TL;DR: I made a two-toned Lotad spill tray upon which the Oddish planters (or really anything) can sit. This model was easy to split into two colors—one for the body and one for the dish. Initially, I manufactured the part using a pause for a filament swap… this turned out ok, but ultimately I decided printing two separate parts gave better results.
Here’s the gallery:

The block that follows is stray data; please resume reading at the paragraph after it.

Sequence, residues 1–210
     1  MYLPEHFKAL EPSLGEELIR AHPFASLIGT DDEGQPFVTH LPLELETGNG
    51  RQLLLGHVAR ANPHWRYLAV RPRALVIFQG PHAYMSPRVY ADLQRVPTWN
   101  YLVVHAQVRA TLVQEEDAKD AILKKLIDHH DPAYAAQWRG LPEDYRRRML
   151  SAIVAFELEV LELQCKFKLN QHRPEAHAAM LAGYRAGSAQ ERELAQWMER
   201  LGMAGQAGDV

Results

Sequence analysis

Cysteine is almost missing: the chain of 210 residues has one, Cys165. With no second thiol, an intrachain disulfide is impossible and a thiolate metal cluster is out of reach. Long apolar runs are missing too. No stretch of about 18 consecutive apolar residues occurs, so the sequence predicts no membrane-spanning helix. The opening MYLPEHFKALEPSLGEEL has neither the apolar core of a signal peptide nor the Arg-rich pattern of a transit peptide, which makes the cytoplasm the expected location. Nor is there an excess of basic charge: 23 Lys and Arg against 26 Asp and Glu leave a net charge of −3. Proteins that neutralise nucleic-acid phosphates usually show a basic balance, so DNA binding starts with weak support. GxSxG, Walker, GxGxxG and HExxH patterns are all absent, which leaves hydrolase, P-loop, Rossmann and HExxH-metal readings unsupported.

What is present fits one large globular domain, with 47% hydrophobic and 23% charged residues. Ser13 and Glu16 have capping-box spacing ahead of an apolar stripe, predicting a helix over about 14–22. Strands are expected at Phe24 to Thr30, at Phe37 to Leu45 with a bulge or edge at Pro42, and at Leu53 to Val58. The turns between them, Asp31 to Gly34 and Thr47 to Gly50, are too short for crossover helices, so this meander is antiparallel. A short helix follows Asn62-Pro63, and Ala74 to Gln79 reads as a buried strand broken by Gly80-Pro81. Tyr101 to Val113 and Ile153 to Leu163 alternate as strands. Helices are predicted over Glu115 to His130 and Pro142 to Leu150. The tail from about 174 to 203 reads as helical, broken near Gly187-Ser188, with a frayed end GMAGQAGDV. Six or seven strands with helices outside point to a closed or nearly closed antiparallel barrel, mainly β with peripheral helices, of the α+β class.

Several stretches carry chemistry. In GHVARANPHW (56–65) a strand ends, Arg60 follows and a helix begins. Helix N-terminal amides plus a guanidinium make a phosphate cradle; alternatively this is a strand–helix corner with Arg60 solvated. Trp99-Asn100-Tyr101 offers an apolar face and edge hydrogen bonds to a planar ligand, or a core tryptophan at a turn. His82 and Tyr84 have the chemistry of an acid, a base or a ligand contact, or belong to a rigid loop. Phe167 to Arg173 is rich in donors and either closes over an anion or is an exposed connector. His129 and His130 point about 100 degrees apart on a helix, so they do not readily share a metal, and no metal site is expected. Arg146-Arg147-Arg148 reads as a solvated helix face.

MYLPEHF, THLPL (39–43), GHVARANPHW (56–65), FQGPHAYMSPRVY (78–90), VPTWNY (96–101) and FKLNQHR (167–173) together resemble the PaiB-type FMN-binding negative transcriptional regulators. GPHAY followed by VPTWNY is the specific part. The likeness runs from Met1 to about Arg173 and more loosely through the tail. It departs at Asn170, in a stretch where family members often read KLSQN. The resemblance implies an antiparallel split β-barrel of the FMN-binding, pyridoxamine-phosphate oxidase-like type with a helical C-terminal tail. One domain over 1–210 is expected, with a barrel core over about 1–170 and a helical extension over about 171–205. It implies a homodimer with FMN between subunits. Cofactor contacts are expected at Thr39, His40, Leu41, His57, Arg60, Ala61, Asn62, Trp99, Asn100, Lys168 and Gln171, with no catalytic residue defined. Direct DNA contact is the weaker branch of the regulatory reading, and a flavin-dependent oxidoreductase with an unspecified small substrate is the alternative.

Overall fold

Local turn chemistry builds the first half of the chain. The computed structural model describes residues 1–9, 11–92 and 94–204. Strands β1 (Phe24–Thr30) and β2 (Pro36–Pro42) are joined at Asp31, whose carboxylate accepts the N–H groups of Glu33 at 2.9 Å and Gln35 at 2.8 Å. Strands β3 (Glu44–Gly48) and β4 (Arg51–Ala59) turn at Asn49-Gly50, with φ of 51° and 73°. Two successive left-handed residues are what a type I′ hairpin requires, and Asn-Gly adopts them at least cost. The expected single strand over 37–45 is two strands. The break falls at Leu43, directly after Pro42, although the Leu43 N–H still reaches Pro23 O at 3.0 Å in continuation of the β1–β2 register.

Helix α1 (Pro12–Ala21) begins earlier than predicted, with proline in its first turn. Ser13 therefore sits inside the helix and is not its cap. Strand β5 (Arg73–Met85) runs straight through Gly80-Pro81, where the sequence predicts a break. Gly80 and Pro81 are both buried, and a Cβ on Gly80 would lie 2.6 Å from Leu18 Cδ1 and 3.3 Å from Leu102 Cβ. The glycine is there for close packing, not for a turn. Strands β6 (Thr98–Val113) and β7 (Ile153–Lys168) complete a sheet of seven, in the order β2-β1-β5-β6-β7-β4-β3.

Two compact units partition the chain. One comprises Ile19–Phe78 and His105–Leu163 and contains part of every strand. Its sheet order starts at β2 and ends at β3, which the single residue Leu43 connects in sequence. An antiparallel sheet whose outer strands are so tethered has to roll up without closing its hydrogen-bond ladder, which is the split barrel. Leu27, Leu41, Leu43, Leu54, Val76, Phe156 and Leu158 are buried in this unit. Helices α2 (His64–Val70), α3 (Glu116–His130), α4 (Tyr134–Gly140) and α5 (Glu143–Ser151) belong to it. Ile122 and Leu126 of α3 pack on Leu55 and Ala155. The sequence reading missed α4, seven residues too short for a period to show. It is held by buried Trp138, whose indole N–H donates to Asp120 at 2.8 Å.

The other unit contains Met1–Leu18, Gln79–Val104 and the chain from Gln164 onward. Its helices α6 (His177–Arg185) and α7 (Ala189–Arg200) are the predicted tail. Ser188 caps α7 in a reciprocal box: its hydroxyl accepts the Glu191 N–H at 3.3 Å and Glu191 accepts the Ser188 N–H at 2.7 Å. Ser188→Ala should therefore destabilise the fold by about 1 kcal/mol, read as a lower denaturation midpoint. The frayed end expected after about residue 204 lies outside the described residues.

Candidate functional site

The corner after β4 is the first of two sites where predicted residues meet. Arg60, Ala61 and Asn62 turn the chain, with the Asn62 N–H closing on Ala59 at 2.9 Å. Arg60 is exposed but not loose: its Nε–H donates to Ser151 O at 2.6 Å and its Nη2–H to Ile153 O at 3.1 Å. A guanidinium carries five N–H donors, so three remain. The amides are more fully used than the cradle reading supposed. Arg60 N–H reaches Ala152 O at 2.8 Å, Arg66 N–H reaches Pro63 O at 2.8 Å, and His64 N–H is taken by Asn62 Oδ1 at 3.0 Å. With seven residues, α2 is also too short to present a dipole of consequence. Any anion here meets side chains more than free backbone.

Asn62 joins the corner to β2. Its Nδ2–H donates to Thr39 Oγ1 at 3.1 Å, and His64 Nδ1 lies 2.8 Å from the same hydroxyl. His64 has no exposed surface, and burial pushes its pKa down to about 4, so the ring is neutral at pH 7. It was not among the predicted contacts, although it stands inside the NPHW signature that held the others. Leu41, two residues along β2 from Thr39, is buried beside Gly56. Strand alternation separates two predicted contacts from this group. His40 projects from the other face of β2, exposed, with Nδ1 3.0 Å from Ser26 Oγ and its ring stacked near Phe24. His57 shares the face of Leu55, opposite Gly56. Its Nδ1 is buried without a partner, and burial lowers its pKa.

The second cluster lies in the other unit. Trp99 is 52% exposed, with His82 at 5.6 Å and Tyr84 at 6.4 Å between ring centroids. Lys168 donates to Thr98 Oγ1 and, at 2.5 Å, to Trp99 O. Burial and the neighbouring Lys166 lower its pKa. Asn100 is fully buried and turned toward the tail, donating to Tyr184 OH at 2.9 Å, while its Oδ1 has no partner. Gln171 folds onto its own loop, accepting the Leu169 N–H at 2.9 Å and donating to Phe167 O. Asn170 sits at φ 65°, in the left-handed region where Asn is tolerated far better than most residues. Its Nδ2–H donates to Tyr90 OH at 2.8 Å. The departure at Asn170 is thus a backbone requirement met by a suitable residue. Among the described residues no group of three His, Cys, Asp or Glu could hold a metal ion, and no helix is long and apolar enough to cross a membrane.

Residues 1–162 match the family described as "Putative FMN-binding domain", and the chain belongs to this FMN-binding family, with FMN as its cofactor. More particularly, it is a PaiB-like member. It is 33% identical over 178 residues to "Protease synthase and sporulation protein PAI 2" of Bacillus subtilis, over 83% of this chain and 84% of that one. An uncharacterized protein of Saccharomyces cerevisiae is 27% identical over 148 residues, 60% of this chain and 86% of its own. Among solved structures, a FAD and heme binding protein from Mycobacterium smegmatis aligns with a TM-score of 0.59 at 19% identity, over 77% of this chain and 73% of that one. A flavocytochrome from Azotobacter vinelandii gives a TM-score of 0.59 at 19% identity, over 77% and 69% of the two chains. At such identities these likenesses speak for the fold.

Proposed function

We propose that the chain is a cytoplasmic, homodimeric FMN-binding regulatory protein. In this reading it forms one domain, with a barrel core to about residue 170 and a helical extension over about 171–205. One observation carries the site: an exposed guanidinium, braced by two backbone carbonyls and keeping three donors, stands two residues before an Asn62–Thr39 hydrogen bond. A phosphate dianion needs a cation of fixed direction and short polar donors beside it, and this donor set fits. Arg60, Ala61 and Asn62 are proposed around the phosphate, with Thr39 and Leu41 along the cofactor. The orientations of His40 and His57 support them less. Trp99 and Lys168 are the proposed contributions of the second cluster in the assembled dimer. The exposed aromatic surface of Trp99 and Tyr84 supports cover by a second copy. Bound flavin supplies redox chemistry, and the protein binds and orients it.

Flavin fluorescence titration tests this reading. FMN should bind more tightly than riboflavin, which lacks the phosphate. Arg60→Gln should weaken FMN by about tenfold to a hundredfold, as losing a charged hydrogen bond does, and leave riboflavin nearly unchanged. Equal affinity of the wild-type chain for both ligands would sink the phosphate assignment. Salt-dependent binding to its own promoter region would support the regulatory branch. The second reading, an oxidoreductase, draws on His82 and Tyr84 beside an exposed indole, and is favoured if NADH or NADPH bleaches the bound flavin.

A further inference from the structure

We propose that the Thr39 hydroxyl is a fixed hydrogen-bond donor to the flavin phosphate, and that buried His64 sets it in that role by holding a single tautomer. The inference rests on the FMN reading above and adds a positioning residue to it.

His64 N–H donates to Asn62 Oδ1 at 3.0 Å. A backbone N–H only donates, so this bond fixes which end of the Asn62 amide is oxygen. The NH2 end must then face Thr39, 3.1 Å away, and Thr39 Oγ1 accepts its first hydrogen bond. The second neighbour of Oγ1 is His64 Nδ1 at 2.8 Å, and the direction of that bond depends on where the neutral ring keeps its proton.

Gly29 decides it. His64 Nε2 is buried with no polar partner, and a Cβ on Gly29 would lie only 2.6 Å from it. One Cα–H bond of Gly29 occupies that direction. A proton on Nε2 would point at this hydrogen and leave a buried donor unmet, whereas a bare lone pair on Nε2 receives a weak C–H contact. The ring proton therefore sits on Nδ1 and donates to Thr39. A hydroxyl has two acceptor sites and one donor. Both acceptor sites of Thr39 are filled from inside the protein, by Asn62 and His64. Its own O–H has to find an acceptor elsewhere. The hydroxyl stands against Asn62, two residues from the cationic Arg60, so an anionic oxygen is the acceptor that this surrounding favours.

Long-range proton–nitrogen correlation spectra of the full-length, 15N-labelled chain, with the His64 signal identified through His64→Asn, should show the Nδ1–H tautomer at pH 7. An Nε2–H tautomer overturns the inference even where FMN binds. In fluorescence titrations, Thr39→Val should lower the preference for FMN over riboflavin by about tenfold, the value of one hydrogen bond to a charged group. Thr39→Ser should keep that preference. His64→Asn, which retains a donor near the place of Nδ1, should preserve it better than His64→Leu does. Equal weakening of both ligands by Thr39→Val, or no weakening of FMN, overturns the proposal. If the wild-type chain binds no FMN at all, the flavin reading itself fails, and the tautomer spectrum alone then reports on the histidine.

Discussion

I finished making this Lotad spill tray a few weeks ago, but hella lagged in writing this post >.<;; For those who haven’t kept up with newer Pokemon, Lotad is a Gen 3 water/grass type which has a lily pad on its head. It pretty much looks like what I modeled ;P The dish was made using both the more traditional CAD model workspace to create the lily hat and the sculpt workspace to create the main body in Fusion 360. I created this model with the idea of trying multi-colored prints in mind. The lily pad is to be green and the body is to be blue. I started the prototyping off with a single color print at first to validate the model. After it turned out well, I went ahead and tried changing the filament partway though. The only color I had at the time though was the same bluish-green color I used for my Oddish prints, which was less than ideal. I bought a light blue filament from a new company, 3D Solutech on Amazon. The filament was a great color, and is cheaper than my normal filament, but unfortunately, this material requires a lot more tuning of my print settings (which I have not done yet) to get the same quality of print I can get with my usual filaments. Completing the filament swap during the print was surprisingly easy to do, and the prints turned out quite well. However, the geometry of this model simply requires a huge amount of support for the large overhangs, which seemed wasteful. In my initial design, Lotad’s belly was suspended in the air, so the print required some hard-to-remove supports. To eliminate the need for support material, I made two important decisions. First, I split the print into two parts—the lily pad, and the body. Second, I altered the design of the body so Lotad’s belly would sit more flush on the tabletop. The belly change is hardly even noticeable from a visual standpoint since the entire part is so squat to begin with. Although I need to manually glue the two parts together, the result is much cleaner looking and takes less effort than cleaning the support material.